The Australian Taxation Office (ATO) has today published a report on its interim findings from the Top 500 tax performance program. The program, established under the Tax Avoidance Taskforce, encourages transparency from Australia’s largest privately owned groups and helps the ATO to determine whether they are correctly meeting their income tax and GST obligations.
Established in 2016, the Tax Avoidance Taskforce ensures multinational enterprises, large public and private businesses (and associated individuals) pay the right amount of tax in Australia.
“As a key program under the Tax Avoidance Taskforce, the Top 500 program provides insights into the operations of Australia’s largest privately owned groups and allows us to provide the community with confidence that this group, which comprises some of Australia’s largest private businesses and wealthiest taxpayers, pay the right amount. Pleasingly, we have found that most large private groups report correctly and meet their taxation obligations,” Assistant Commissioner Kasey Macfarlane said.
“However, greater transparency around the tax affairs of large private groups is always welcome as it helps the ATO assure that they are meeting their tax obligations.”
“The ATO believes that working with and engaging early on complex tax issues prior to lodgment, provides certainty to large private groups, prevents disputes, and guarantees tax revenue for Australia,” Ms Macfarlane said.
Australia’s Top 500 private groups control $207 billion in net assets, report around $195 billion in total income and have over 16,000 associated entities. The group structures they use are complex, large in terms of the number of entities involved, and contain any combination of company, partnership and trust structures, operating both inside and outside of tax consolidated groups.
“So far, we have engaged with more than 400 groups through this Top 500 program with the aim of improving their transparency and building mutual trust, with more than 50 groups attaining the highest transparency rating. This underscores how an effective regulator is actively assuring revenue from Australia’s largest private taxpayers,” Ms Macfarlane said.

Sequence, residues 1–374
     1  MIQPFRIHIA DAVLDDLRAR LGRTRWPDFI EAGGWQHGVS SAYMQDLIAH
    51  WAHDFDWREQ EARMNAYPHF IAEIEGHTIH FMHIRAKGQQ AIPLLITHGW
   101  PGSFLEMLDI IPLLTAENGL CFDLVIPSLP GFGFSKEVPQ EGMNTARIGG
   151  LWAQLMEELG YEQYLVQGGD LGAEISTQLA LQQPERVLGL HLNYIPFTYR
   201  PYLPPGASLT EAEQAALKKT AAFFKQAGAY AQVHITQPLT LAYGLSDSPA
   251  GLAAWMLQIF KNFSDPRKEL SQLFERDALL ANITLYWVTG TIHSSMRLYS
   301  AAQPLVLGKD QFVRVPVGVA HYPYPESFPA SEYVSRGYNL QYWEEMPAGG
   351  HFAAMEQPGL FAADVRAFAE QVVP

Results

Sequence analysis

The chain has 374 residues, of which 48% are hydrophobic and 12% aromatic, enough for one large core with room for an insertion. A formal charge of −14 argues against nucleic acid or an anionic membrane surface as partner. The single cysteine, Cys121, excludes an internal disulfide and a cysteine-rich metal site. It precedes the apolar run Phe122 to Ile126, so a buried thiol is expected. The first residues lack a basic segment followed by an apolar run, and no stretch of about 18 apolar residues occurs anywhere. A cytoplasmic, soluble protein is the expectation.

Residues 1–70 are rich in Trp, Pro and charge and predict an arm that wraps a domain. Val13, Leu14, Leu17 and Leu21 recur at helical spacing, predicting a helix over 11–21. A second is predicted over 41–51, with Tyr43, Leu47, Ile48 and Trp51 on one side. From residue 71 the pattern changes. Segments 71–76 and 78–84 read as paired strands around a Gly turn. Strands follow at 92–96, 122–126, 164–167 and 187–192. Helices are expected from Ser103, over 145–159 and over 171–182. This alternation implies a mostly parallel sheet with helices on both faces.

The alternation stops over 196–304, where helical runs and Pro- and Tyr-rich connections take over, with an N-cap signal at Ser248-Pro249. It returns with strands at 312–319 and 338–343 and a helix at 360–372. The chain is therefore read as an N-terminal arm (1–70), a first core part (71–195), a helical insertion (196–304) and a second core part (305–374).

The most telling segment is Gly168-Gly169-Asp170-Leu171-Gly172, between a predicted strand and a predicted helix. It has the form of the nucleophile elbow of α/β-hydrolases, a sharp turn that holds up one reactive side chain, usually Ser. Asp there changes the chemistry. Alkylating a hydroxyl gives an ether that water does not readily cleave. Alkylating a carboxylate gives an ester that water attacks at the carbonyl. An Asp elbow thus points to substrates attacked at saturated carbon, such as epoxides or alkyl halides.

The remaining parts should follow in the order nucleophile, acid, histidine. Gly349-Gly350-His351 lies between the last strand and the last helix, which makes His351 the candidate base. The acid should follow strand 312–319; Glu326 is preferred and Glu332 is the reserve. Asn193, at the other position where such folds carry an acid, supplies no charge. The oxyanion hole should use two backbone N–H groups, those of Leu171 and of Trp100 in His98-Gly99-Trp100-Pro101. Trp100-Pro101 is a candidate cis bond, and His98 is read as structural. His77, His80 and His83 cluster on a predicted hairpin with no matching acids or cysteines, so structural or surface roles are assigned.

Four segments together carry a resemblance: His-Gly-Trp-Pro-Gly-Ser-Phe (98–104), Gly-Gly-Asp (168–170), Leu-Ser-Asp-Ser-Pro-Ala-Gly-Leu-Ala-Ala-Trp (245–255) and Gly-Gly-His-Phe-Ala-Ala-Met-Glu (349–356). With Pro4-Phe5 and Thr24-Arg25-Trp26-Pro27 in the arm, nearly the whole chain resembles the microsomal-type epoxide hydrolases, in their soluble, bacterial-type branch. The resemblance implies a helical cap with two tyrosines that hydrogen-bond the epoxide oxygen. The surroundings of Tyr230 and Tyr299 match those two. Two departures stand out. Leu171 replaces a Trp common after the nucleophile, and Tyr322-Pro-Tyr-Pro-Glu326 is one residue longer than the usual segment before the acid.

The ATO notes that the trust and confidence established under the Top 500 program has prompted several groups to provide intelligence and commercial insights that have informed the ATO’s industry-based guides in sectors of the economy where Top 500 groups commonly conduct business.
“However, there is of course always room for further improvement. We have observed that large private groups tend to have lower levels of corporate governance and invest less in tax governance than public groups. Large private groups also face less stringent regulatory reporting requirements and our ability to obtain certainty is frequently complicated by opaque group structures and related party dealings that occur outside of tax consolidation, further emphasising the importance of the ATO’s focus and ongoing engagement of this important group of taxpayers.” Ms Macfarlane said.
“The Top 500 tax performance program has provided a series of insights into the approaches used by large privately held groups in engaging with the tax system. These findings will inform our interactions with this important part of the taxpayer population so that we can continue to support them to meet their tax obligations and be well positioned to act swiftly and appropriately in instances where we identify behaviours of concern.”